Figure 4: HPLC chromatogram of local chocolate sample.
Figure 5: HPLC chromatogram of chocolate sample.

A comparison between local and branded samples of chocolates disclosed that the local samples contained total aflatoxins and OTA in greater concentration as compared to the branded samples and is displayed in Figures 6 and 7.

Figure 6: Concentration of total AFs in branded and local samples of chocolates.
Figure 7: Concentration of OTA in branded and local samples of chocolates.

The incidence of ochratoxin A and aflatoxins in the chocolate has been reported in the last era throughout the world and is an attention-seeking topic of concern for researchers. The cooccurrence of aflatoxins and ochratoxin A in the chocolate samples was reported in studies carried out in Brazil. The authors observed aflatoxins in 80% of the examined samples. A strong relationship was observed between the occurrence of ochratoxigenic fungi and the ochratoxin A content in the chocolate samples [3, 13, 23]. One hundred and seventy-nine, out of the 300 samples analyzed, were positive for ochratoxin A contamination, representing 60% of the purchased products marketed in Italy [2]. Eighty-five samples of cocoa products used in Canada were analyzed for ochratoxin A and aflatoxins by HPLC. All the examined samples displayed positive result for ochratoxin A and aflatoxin contamination [19].

The results of current research clearly exhibited that the level of total aflatoxins and ochratoxin A contamination in chocolates is quite high in Pakistan and comparable with the literature reported [3]. Many factors will determine the incidence of the mycotoxins in a chocolate sample. The presence of mycotoxins producing fungi during the handling of cocoa at producing farms was described in literature [24]. The sun-drying stage is a basic stride for mycotoxin generations in cocoa, since during drying, besides the presence conceivably toxigenic species, there is still enough water to support contagious development and mycotoxin production [3, 5]. Pakistan has hot and damp kind of environment; the probabilities of the incidence of critical mycotoxins are more probable in the food.

The high level of mycotoxin contamination in chocolate is a serious health hazard and the influenced authorities should consider this issue of contamination urgently. For consumer safety, necessary measures must be reinforced in all processing phases to take out the level of mold defilement. Moreover, maximum limits of mycotoxins for all food products should be specifically established in the country. Publications are accessible with the mycotoxins contamination of chocolates in different realms [23] but not a single one from Pakistan.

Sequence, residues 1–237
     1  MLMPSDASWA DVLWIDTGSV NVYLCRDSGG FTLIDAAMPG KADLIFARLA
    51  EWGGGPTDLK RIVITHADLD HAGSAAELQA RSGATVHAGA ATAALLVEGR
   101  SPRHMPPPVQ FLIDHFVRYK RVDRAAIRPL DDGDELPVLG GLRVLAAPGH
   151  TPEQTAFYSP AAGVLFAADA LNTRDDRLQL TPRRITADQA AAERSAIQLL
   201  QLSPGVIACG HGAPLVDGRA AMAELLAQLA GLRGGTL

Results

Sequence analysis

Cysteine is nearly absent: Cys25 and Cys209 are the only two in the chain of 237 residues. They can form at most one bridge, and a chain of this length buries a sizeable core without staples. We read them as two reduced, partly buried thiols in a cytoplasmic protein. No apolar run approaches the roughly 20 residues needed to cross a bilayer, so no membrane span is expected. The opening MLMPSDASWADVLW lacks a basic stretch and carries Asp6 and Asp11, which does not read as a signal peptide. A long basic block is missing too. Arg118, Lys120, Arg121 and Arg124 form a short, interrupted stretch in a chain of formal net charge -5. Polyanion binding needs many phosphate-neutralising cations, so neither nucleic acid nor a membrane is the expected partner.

The additional researches must be required in order to collect enough records on the existence of mycotoxins and with the purpose of reducing the amount of these in different chocolate bars that are the most consumed in the community.

4. Conclusion

The present study provides the first description of the mycotoxin contamination in chocolates from Pakistan. Taking all the information into consideration, it is concluded that the defilement of chocolates with mycotoxins is quite high in local samples in contrast with branded chocolates. So it is necessary to create awareness among people about the contamination caused by mycotoxins. To guarantee the safety of consumers, the concerned administrative authorities are recommended to check this adverse issue of food contamination and quality control method of food ought to be practiced.

Conflicts of Interest

The authors declare that there are no conflicts of interest regarding the publication of this paper. It is confirmed that Department of Toxicology, Quality Operations Laboratory, University of Veterinary and Animal Sciences, did not provide any funding and did not lead to any conflicts of interest regarding the publication of this manuscript. There are no any other possible conflicts of interest in the manuscript.

Acknowledgments

The authors acknowledge the Department of Toxicology, Quality Operations Laboratory, University of Veterinary and Animal Sciences, for providing Laboratory facilities for the analysis of mycotoxins.